A handful of worksheets also allows you to dig into the material and express your own thoughts and emotions about the content, and how you feel about all these food topics. I discovered a few things about myself that I hadn’t really considered before, such as “Do you truly believe you deserve happiness and health?” This made me think more deeply about the root of the problem, and that it’s really not the food — but rather my overall depression — that may guide my emotional eating habits.
One thing made me curious as I was thinking about emotional eating: it seems most often we hear women voicing these concerns, not guys. A quick Google search shows a lot of references to stats saying men constitute just 10% of emotional eaters. But some researchers point out that men may just be less likely to admit it.
I reached out to Ginger, and she agreed: “In my experience, men are just as prone to emotional eating and binge eating as women, but it isn’t a ‘manly’ thing to talk about. Therefore, men are not able to express or share what they’re doing with the people close to them, while it’s more normal for women to talk about their diets and weight loss goals.”
I love Ginger’s frank approach, and would say that overall, she’s created a great resource with this new book!
Emotional Eating with Diabetes is available on Amazon for only $9.99, in print or via Kindle.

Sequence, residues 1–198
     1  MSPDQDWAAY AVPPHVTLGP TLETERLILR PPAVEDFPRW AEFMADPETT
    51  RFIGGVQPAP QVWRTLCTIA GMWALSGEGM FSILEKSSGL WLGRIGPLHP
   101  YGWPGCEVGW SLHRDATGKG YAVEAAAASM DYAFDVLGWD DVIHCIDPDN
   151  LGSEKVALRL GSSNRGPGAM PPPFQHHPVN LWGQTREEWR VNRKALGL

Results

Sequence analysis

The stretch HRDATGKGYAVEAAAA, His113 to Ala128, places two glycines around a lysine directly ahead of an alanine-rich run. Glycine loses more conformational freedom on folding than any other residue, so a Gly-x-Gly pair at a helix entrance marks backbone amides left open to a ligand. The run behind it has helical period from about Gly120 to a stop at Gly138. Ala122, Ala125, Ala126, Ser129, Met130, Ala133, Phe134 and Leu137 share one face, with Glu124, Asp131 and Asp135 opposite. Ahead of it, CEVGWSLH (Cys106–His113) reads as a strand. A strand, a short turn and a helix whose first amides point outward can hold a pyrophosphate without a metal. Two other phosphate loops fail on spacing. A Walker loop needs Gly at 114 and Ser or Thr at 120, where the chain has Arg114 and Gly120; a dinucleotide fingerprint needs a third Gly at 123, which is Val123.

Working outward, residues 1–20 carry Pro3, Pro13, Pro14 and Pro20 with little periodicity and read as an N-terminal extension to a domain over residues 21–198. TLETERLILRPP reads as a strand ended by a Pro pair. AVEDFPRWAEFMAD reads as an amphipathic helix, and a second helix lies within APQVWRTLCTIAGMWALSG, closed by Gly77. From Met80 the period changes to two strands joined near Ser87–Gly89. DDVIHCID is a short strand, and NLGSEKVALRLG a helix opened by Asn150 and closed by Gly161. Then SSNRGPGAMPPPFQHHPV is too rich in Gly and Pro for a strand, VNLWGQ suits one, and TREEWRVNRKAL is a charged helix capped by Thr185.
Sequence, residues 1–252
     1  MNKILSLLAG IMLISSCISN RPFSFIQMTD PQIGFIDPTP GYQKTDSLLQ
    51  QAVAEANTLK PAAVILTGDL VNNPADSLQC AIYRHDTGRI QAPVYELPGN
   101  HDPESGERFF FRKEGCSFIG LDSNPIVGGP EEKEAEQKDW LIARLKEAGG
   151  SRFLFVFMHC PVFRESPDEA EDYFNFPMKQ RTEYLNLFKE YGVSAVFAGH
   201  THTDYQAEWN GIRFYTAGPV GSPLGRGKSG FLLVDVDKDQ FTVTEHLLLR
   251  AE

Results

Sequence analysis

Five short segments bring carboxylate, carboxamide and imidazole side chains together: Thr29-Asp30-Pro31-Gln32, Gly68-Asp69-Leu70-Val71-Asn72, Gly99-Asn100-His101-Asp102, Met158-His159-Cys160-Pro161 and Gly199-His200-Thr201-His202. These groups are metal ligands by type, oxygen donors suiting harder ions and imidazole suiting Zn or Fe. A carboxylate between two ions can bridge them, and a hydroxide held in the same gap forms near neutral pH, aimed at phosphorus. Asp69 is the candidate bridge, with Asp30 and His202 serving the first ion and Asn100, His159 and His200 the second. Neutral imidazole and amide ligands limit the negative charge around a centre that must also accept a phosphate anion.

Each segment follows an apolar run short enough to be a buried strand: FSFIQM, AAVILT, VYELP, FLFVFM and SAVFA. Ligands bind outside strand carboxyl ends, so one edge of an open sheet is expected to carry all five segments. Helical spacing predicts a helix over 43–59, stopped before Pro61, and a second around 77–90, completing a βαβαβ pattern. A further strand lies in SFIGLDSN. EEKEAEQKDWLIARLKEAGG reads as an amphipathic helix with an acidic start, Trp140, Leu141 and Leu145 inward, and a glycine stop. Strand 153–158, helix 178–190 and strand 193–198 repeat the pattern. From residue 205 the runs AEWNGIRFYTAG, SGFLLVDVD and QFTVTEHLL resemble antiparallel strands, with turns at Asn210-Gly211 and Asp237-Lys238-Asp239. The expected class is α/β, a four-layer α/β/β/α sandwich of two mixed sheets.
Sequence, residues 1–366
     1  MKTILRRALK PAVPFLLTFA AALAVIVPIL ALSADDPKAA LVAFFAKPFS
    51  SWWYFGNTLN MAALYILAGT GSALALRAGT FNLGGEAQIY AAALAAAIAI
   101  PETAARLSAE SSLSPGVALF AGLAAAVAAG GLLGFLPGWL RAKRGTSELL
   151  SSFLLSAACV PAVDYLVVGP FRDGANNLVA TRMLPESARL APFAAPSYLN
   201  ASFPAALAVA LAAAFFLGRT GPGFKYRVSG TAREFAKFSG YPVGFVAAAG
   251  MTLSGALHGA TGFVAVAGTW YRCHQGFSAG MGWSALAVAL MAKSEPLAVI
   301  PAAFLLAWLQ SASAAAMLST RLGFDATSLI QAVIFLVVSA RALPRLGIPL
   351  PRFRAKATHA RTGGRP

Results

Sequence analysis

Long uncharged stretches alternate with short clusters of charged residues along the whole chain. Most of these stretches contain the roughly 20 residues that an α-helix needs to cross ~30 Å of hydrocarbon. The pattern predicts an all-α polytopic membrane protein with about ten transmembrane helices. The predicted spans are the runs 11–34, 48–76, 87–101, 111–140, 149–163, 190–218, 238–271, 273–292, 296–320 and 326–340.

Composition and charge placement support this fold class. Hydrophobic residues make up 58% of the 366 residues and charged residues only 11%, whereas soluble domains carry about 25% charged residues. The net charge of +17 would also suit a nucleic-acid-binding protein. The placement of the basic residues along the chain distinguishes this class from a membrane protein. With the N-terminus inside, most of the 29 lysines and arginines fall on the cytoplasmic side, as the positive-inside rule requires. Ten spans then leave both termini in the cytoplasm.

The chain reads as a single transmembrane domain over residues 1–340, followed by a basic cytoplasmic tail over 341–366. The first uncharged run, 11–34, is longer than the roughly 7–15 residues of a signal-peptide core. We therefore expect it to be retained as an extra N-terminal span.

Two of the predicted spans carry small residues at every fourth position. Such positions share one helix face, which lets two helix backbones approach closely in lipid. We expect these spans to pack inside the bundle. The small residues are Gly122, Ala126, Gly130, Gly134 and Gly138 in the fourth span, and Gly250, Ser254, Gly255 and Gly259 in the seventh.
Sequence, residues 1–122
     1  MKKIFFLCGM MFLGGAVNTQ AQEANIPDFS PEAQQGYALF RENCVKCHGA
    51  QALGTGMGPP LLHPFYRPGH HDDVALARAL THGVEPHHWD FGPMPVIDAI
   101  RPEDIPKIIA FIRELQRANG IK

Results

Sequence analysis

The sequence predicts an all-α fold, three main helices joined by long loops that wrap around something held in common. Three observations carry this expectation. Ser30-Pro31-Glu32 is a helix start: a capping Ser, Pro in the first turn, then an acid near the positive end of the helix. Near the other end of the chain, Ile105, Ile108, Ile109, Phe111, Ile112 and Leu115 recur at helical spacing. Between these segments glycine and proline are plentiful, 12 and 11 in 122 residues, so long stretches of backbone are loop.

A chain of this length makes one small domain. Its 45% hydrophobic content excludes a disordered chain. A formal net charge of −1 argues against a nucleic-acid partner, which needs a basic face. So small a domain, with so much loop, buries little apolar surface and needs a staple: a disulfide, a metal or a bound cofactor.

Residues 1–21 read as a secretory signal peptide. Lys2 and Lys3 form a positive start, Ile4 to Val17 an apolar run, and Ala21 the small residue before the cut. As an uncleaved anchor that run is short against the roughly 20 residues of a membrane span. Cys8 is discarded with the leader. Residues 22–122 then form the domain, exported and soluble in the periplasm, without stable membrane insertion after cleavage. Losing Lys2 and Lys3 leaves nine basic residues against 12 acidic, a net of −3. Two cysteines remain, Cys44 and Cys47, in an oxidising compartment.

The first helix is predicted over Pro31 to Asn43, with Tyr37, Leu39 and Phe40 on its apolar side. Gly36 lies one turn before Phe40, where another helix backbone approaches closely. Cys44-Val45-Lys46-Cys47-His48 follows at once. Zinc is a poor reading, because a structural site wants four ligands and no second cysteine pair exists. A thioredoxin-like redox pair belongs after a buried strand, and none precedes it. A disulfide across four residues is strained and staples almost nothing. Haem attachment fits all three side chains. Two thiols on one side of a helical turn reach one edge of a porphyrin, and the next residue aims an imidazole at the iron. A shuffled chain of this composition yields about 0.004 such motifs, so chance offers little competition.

We’re not doing our traditional book giveaway this time around, but we do have a special offer for ‘Mine readers! Ginger has generously set up an exclusive offer for readers interested in working with her on healthier food and D-Living aspects.
All you have to do is mention this DiabetesMine blog post when you email Ginger to schedule a free initial coaching consult. You’ll then receive life coaching sessions for just $45 per session, down from the usual six-pack rate of $60 per session!
Thanks for the great discount, Ginger! I may have to think about taking you up on this myself…
Hopefully, with help from Ginger’s book and Lee Ann’s network, I get a better grip on these emotional eating habits I’ve developed; if I can grow into bad habits, I must be able to grow out of them too, right?
Like many things in life and living with diabetes, I’m sure 99% of this is “all in my head” and involves re-training my brain to healthier views on food and how I respond to negative feelings. It’s work in progress, which I’m excited to tackle… with a little help from my friends!